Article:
To find out if you’re eligible immediately, fill out an eligibility form from the USDA.

How do I know which houses qualify?

Generally speaking, homes located within large, metropolitan cities won’t qualify for USDA loans. However, suburbs just outside of some larger cities often do. For example, towns located just a half hour’s drive outside of Boston have a good chance of being eligible.

To view the map of property eligibility, simply fill out the online eligibility form.

How Do I Get Started?

If you’re seeking a direct loan, you’ll have to contact your local Rural Development office. Applications for a direct loan are accepted year-round and are awarded based on funding availability.

For people looking for a private loan guaranteed by the USDA, applicants should contact an approved lender in the area. The lender will then work with the USDA loan specialist in your state.




Tags: Mortgage   home loans   USDA Loans  
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Posted by Jane Dunlap on 11/5/2017

Securing a mortgage can take years of planning and saving. Depending on credit score and financial history, it can be difficult for some people to secure a mortgage with a reasonable interest rate and down payment.

As a result, the U.S. government--at both the federal and state level--has created several programs to make the goal of homeownership more achievable for more Americans.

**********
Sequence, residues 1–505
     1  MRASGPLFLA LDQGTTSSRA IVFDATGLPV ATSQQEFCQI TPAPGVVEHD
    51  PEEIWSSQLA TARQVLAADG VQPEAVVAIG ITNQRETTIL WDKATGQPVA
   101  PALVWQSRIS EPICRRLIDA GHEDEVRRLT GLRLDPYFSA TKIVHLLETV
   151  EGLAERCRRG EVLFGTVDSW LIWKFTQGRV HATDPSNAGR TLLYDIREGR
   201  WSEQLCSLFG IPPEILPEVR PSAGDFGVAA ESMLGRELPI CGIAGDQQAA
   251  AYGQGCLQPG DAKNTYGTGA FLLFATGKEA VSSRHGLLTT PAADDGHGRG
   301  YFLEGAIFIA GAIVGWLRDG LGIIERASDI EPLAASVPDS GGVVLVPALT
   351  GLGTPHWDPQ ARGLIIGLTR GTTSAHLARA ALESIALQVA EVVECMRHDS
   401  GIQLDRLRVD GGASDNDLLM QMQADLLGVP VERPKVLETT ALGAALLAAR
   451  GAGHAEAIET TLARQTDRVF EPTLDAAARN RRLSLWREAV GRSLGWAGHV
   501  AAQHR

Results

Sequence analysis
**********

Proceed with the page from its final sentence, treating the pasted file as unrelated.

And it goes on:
These programs are designed to help a number of people, including first-time homebuyers, low-income families, people living in rural areas, Native Americans, and veterans and servicemembers of the United States military.

In today’s article, we’re going to be talking about “VA loans,” or loans guaranteed by the United States Department f Veterans Affairs.

What is a VA Loan?

When a bank chooses to approve someone for a mortgage, they have weighed the risks of that person’s ability to pay back the loan. The less certain a bank is that they will see a return on their investment with a borrower, the higher the down payment and interest rate they will require.

One incentive that the U.S. Department of Veteran Affairs offers its service members and veterans is the ability to receive a loan that is, in part, guaranteed by U.S. Government. That means that lenders can safely approve you for lower interest rates and down payments knowing that the money they are lending you is insured.

Who is eligible for a loan?

Loans guaranteed by Veterans Affairs aren’t strictly for veterans. Active duty service members, including National Guard and Reserve Members may also be eligible. In addition to service members, people who are or were spouses of veterans or service members might also be eligible for a VA loan.

Specific eligibility requirements can be somewhat complicated, so it’s a good idea to visit the eligibility page or contact your local Veterans Affairs office.

What are the perks of a VA Loan?

If you’ve spent a significant portion of your time serving in the military, there’s a good chance that saving for a home has been placed on the back burner. Shopping around for a loan with an affordable down payment can be daunting or impossible for many.

Fortunately, with a VA loan eligible recipients are able to receive a loan with a low down payment or even no down payment.

In a time when down payments can average 20% of the mortgage, that can mean a lot of money you won’t have to spend up from. For example, a home that costs $275,000 would have a 20% down payment of $55,000.

What are the fees?

This great deal does come with one catch. As with many loan assistance programs, there is a fee charged for the services. On top of the funding fee charged by the VA, there are other costs associated with buying a home.

These may include appraisals, inspections, credit reports, and more. Additionally, lenders may charge a 1% flat fee for those using a VA loan.